5. No Paul, they probably end up dead or in jail or go on to perpetuate abuse. They probably don’t get the education to be remotely interested in politics.

    1. Annie – children are resilient. They neither end up dead or in jail or become abusers themselves. They become regular citizens who vote, pay their taxes, live next door to your, etc.

  6. Well, here is how I see it:

    Person A : I don ‘t want to pay for you abortion.

    Person B : You ‘re trying to cram your Christianity /religion down my throat!!!

    ——
    Justices A – E : Well, they ‘re paying for 16 out of 20, and those 4 do keep fertilized eggs from attaching. . .soooo OK!

    Justice G : You don ‘t understand woooommmmmeeennn!

    Person B: You ‘re telling these HL people they can cram their Christianity /religion down my throat!!!!

    —-

    That is how I see this. Histrionics and really dumb statement by Justice G.

    Squeeky Fromm
    Girl Reporter

  7. Jill it appears that we must be grateful that we women who live in the US aren’t treated similarly to third world women. We mustn’t complain, shhhhh.

  8. “Clampdown on the rights of women???” There are hundreds of millions of women in 3rd world countries w/ NO rights. There are routine posts here of the horrors women in Muslim countries endure. It is the height of self indulgence and insensitivity to compare this SCOTUS decision w/ the real clampdown on women. Incredible. Meriam Ibrahim would throw up if she read that comment.

  9. Samantha, they would grow up IF they survived their childhood. what happens to children who are unwanted, abused, mistreated? Do they grow up normally? Do their brains develop normally? Are there lasting consequences to child abuse and neglect?

    1. Annie
      Samantha, they would grow up IF they survived their childhood. what happens to children who are unwanted, abused, mistreated? Do they grow up normally? Do their brains develop normally? Are there lasting consequences to child abuse and neglect?

      Yes, there are lasting consequences. They become progressives.

  10. Look, we have 350 million people in this country. What if a dictator had decided that we should have all been aborted, because he was worried that there would be no one to take care of us? Well, no one in the world takes care of us. We take care of ourselves. Aborted babies would otherwise grow up to take care of themselves, too, as doctors, farmers, truck drivers, they would all contribute, the same as we all do now. It’s a pretty lame argument to kill 50 million fetuses because you believe in thinking like a murdering dictator.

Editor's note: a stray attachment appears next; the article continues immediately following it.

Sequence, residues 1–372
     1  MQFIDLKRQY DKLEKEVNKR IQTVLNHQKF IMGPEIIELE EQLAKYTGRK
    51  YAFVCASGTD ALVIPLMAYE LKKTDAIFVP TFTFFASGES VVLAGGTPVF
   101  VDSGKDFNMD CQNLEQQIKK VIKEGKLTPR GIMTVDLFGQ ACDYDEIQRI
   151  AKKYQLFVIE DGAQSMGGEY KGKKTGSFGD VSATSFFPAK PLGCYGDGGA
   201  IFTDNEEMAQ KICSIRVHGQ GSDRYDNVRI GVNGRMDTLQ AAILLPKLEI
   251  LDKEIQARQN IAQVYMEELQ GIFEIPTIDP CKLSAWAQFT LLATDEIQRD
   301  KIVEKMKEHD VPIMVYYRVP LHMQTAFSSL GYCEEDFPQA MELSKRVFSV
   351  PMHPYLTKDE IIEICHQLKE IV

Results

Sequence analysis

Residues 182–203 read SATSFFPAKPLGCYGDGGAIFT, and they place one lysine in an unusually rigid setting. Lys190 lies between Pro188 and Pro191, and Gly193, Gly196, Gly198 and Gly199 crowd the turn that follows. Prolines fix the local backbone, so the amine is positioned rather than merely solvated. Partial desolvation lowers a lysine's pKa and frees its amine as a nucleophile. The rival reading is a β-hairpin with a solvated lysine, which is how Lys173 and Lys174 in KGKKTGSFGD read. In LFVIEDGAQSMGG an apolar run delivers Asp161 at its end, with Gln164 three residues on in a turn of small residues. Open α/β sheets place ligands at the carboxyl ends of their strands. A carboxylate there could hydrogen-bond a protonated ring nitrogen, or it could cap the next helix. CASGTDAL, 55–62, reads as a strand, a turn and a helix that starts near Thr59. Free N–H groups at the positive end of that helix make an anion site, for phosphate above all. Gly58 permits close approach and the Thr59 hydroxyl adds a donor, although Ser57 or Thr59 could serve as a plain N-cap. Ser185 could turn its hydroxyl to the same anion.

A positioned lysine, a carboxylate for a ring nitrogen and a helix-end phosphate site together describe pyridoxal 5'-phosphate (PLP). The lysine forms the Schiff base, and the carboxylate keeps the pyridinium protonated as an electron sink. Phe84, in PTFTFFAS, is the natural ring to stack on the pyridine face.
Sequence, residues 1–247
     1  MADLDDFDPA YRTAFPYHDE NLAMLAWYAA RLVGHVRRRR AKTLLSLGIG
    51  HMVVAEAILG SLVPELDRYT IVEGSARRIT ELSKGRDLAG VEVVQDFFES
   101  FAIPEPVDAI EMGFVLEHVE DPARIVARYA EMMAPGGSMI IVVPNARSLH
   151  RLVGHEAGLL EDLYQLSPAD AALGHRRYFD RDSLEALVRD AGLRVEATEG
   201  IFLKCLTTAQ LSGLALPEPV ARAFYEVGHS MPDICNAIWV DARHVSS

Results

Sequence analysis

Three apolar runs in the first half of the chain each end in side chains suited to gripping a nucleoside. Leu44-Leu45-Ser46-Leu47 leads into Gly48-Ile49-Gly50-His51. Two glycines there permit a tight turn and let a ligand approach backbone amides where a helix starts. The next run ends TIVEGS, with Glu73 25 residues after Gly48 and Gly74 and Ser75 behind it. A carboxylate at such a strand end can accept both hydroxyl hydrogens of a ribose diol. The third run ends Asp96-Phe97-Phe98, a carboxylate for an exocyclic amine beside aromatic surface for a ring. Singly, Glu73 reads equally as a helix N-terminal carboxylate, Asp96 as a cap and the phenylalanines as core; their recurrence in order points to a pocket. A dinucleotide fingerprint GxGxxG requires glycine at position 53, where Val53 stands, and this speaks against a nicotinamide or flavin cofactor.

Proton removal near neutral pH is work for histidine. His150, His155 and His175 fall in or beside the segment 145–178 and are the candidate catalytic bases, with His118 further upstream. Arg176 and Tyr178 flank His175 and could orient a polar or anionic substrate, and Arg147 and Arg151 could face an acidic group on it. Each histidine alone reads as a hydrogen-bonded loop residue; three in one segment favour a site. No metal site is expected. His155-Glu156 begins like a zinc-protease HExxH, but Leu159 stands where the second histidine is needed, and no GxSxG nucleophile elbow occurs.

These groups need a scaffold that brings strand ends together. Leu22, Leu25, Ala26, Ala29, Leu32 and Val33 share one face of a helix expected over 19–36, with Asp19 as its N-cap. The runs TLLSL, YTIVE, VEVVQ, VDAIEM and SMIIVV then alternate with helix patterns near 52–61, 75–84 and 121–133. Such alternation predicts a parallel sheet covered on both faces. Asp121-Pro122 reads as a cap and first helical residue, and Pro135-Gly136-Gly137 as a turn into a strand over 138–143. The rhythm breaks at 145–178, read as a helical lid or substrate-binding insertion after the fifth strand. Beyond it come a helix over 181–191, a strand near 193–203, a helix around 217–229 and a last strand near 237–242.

11. Annie,

    Historically when a society careens out of control, and ours certainly is doing that, we see a clampdown on the rights of women. Women become scapegoats for the actions of corrupt politicians, a bad economy and so on. Women have been considered polluted and unclean in many cultural/religious traditions. It is that very attitude that allows the general society to focus their fear and hatred on a group which is at worst despised and at best,considered to be of less worth than others in that society. This happens to women and other disenfranchised groups. It is an ugly aspect of human societies but it does occur regularly under times of extreme stress in the society.

    The way out is to recognize the truth of what is actually happening in a society. This would mean stopping the powerful from defining problems.

  12. I’m addressing all the nutty things thrown at women who believe they have the right to health care, Karen. The conversation has weaved its way in and out of birth control and abortion and corporations who want to be religious persons.

  13. Karen, A zygote is not an embryo and and embryo is not a zygote. It take about 18 days for the zygote to develop into an embryo.

  14. Annie – you are making an argument for abortion, but that’s not the issue.

    The issue is whether people should be forced to pay for either abortion or medications like Plan B for their employees. Not whether abortions save money. Any argument pro-abortion just explains why you set your own limit for 21 weeks. Every single person has their own private list of reasons for why they have their own code for or against abortion, or its limits. It’s irrelevant.

  15. Jill I agree, yet what we are seeing is birth control and women who use it demonized. Why all the pushback to birth control?

  16. bettykath – yes, I understand biology. It is called an embryo from fertilization until 8 weeks.

    What’s your point? To you it’s just a cell. Which is great. You have the right to believe that Plan B is OK to use. It is also alive, with its own unique DNA. It is considered an embryo. If you believe that the destruction of an embryo, at any gestation, including pre-implantation, is the destruction of life, then that’s your right, too.

  17. on 1, August 6, 2014 at 8:46 pmsamantha
    Appleton, that is quite a leap, making the assumption that a zygote is not sentient. How about trying to prove that to us?
    ***********************

    Whaaaaat? Oy.

    1. Annie – Oy is not the correct answer to the question asked of Mike.

Comments are closed.